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Fresh fight erupts over new budget allocations

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Finance Minister Matia Kasaija (centre) arrives at Kololo Ceremonial Grounds for the 2023/2024 National Budget reading on June 15, 2023. PHOTO/DAVID LUBOWA

The Executive has locked horns with Parliament after it emerged that MPs had altered the financial year 2024/25 national budget passed last Thursday without the knowledge of technocrats at the Ministry of Finance.

Investigations by Monitor show the MPs readjusted the draft estimates of the Shs72 trillion national budget by Shs750b. It remains unclear on whose authority the MPs revised and reallocated the monies from one agency to another.

The Shs750b repurposed, reallocated or readjusted, according to documents seen by Monitor, covers 861 votes across different ministries, agencies, and departments (MDAs) as well as local governments.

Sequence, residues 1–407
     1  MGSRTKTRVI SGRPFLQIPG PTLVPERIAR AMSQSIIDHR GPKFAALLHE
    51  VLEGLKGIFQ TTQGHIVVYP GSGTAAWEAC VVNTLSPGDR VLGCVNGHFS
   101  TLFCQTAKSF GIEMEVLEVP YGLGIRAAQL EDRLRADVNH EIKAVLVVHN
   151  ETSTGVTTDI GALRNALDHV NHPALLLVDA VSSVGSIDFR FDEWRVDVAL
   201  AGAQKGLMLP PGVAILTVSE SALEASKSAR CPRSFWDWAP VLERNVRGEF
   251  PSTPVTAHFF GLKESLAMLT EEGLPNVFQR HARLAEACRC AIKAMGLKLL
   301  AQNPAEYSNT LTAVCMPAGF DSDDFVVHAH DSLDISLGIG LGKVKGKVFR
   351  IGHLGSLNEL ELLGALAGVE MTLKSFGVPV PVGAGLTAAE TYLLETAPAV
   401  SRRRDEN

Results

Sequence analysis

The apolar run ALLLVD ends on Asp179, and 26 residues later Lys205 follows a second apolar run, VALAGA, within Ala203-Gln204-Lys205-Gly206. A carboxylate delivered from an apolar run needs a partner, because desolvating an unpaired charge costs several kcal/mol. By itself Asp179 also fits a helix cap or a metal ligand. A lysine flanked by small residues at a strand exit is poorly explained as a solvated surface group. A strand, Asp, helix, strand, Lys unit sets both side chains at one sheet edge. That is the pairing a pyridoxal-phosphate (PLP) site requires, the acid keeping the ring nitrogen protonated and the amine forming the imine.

Shocked Ministry of Finance officials discovered the changes during a top management meeting on Wednesday, sources said, which are about one percent of the total approved budget. 

The meeting, sources indicated, mulled that accommodating the readjustment within the three percent supplementary legal limit of Shs2.1tn still leaves a balance of Shs1.4tn.

Sources further indicated the meeting resolved to prepare a brief for and refer the matter to President Museveni for guidance. The options floated, sources revealed, include letting the President assent to the Appropriation Bill and “create an illegality” since it does not reflect what was signed off. An Appropriation Act is a law containing the amount of money to be spent by each MDA and local government and authorises the withdrawal of funds from the Consolidated Fund.